It’s Good Friday in most of the Christian world, and this Midwestern, Catholic-raised boy’s thoughts are naturally turning to…Easter candy. What’s that you say? Bad for my waistline? Well, that’s a lost cause anyway…and besides, Easter candy is actually getting greener. Find out more in this morning’s meltingly hot green roundup:
- I Likes My Peeps: Easter candy is here, of course — but Easter candy packaging (which usually takes up more space than the chocolate itself) is slimming down across the industry, reports Treehugger.
- That’s Like Really Cool, Eh: Canada turns to the sea for its power needs with the first commercial tidal energy plant in North America, sited off Vancouver Island. (Hat tip to Blogfish, who says we can’t just say no to ocean energy anymore. Who was saying no?)
- At Least It’s Not Social Engineering: John Holdren, President Obama’s science adviser, says he’s discussed bioengineering solutions to stop climate change with the president. (No word on whether Obama preferred the “shooting pollution particles into the upper atmosphere to reflect the sun’s rays” solution or the “artificial trees to remove CO2 from the air” solution.)
- Do I Have a Bid on This Fine Piece of Carbon? The Obama administration is backing away from Obama’s campaign promise to sell 100 percent of the emissions permits needed for a carbon cap-and-trade system — a political move that Environmental Capital says won’t reduce the pain to consumers of such a scheme. Meanwhile, The Vine reports swing votes in the Senate are still open to cap-and-trade.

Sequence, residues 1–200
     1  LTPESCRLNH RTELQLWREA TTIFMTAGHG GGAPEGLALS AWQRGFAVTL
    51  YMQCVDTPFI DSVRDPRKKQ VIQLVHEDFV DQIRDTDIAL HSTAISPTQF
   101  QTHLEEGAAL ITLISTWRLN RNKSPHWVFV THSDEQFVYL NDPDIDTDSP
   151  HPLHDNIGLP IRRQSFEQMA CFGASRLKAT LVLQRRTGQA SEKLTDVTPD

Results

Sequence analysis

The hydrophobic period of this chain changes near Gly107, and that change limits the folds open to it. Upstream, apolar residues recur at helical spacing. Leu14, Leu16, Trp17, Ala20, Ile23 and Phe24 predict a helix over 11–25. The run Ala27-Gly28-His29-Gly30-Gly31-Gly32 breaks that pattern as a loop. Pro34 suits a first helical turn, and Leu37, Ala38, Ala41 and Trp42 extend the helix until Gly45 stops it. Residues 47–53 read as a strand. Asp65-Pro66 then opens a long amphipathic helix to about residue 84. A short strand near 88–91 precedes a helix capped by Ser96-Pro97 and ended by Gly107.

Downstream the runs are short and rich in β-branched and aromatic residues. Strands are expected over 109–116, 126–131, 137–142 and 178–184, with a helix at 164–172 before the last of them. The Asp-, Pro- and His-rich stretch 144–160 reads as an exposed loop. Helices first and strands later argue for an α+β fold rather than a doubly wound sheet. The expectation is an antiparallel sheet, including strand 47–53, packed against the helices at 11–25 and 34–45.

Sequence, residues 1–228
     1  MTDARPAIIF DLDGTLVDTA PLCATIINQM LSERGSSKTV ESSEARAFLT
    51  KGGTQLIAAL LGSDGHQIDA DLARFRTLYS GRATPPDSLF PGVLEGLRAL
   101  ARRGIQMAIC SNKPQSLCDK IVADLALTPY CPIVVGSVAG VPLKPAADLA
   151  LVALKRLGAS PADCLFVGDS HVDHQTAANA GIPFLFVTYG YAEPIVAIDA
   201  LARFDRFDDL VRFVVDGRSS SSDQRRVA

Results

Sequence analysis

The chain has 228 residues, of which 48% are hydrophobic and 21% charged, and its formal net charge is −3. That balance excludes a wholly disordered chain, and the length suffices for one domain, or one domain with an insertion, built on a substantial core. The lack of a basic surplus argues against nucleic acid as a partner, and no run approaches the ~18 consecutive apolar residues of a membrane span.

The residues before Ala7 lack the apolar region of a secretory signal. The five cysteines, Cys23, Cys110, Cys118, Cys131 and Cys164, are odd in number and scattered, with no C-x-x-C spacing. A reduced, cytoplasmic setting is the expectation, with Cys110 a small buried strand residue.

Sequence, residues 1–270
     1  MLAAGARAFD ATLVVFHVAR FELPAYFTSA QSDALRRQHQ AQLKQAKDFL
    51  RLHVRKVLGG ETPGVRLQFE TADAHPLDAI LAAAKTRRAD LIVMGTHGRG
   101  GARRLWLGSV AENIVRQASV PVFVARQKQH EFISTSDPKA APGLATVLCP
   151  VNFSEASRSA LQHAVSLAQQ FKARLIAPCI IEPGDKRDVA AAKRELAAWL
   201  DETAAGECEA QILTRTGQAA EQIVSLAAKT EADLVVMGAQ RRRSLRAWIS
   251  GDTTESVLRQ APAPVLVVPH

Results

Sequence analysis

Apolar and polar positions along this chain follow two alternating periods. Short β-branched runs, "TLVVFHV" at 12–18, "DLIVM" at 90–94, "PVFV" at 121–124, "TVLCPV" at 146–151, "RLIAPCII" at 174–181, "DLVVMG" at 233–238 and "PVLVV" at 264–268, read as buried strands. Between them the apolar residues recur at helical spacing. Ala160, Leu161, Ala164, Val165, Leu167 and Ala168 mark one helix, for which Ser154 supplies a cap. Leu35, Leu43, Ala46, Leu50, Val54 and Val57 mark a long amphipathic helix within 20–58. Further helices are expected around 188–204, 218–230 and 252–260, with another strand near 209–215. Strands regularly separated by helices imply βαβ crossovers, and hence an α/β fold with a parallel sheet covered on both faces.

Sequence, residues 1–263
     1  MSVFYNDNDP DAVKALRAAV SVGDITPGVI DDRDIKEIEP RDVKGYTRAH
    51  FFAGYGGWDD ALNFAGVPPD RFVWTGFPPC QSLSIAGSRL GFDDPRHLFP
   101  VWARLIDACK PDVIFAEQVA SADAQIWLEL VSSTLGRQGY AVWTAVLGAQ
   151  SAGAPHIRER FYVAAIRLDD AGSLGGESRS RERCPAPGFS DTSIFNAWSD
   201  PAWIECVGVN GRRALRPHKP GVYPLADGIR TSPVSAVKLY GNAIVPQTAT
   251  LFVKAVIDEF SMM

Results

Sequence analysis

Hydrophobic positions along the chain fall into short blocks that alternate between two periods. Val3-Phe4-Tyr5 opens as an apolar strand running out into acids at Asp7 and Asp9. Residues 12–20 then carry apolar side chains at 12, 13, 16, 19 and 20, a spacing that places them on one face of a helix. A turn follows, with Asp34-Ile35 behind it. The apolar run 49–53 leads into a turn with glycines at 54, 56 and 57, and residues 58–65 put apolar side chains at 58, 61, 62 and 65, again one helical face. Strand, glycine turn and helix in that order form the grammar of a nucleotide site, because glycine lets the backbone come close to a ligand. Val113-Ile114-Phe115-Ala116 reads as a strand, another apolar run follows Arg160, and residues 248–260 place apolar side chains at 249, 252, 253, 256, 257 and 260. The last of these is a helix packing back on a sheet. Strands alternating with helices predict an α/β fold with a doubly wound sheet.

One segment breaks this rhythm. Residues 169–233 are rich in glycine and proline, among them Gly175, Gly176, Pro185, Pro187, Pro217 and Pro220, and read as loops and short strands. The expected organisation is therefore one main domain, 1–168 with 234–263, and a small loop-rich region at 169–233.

- Glug Glug Glug: Finally, some really bad news: The amount of fresh water human beings are using is “moving dangerously close to the limit of safety,” reports The Economist. (Hat tip: Environmental Leader.)
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Tags: bioengineering, Blogfish, Canada, cap-and-trade, carbon emissions, carbon trading, Climate Change, Easter, Easter candy, Easter peeps, Environmental Capital, Environmental Leader, Fresh Water, freshwater conservation, green chocolate, John Holdren, Obama, The Economist, The Vine, tidal power, Treehugger, Vancouver Island, wave energy